John takes on two topics in the ninth issue of his newsletter: “saturation is the name of the game” and “classified ads are dead.” And, of course, his deeply held belief that “paying for anything is a desperate last resort.” As a bonus, there are a couple of his inimitable ads for his own booklets.
Ivan Sanderson wrote to John on Thanksgiving, 1966, to tell him that he’d just sighted a UFO. Well, it turned out to be something else; but the incident him to speculate on how we all respond when we’re “in the face of the marvellous.” I should warn you that he indulged in a couple of jokey racial and sexual slurs, which you may find offensive. But it’s vintage Sanderson anyway; and I may as well post it as he wrote it.
“Madison Avenue Confidential” expanded to two pages for the eighth issue. John needed the extra room for his blistering analysis of the international economy. And if that proved depressing, you could always cheer yourself up by buying a Keel book.
Ivan Sanderson speculates on Unidentified Aquatic Objects and “instantransference” in this 1966 letter to John. John responds with his own reservations about what readers and editors will accept. The Playboy article he mentions was never published; it grew far too long, and he was unable to cut it down to the editors’ satisfaction. It continued to expand, eventually becoming the book Operation Trojan Horse.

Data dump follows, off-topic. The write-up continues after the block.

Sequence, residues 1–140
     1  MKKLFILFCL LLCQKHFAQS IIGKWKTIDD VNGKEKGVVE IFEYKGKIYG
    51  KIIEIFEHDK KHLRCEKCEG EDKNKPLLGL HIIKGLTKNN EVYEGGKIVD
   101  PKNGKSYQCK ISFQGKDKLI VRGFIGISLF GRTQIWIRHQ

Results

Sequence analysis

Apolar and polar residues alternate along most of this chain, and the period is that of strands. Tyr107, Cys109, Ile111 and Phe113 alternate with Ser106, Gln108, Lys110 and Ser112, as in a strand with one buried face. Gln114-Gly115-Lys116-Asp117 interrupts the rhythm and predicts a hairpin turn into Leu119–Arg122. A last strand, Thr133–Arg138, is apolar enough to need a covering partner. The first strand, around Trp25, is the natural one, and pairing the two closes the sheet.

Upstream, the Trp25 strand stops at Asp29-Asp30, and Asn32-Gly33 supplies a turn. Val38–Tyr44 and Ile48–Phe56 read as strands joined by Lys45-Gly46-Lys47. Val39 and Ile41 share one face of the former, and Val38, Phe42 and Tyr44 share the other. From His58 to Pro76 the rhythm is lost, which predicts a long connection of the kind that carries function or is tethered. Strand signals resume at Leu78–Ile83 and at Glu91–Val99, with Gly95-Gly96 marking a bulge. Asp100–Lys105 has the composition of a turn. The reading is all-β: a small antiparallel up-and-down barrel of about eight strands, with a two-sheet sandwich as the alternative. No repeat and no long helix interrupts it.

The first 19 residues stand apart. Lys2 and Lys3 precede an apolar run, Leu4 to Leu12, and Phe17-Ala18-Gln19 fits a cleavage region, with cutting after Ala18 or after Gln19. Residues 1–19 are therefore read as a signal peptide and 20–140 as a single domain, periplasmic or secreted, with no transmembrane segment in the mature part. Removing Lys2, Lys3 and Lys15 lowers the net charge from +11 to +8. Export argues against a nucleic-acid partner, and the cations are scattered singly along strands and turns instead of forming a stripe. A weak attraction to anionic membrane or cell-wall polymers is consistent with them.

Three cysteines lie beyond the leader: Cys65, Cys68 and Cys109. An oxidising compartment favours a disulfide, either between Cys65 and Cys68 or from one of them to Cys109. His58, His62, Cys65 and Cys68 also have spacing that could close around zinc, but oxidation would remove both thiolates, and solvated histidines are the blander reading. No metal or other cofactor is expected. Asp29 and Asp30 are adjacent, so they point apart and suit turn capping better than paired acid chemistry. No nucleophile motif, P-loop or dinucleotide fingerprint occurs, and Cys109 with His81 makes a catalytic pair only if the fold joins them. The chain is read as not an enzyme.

In the seventh issue of his marketing newsletter, John suggests that advertisers decorate their mailings with rubber stamps. He did like rubber stamps.
The tenth newsletter was the last. It contained reports on talks by Whitley Strieber, Dennis Stillings, and Antonio Huneeus; as well as clips, photos, and an announcement for an upcoming talk by Ben Robinson. Also stapled into the packet was a flyer for an upcoming UFO convention. The NYFS continued after this, but I guess John didn’t feel like putting out more newsletters.
In the sixth issue of “Madison Avenue Confidential,” John grouses about the difficulty of making money in mail order.
Apparently, John Keel and Otto Binder planned to cook up some sort of feud in the pages of Saga. I don’t know how far they went with it.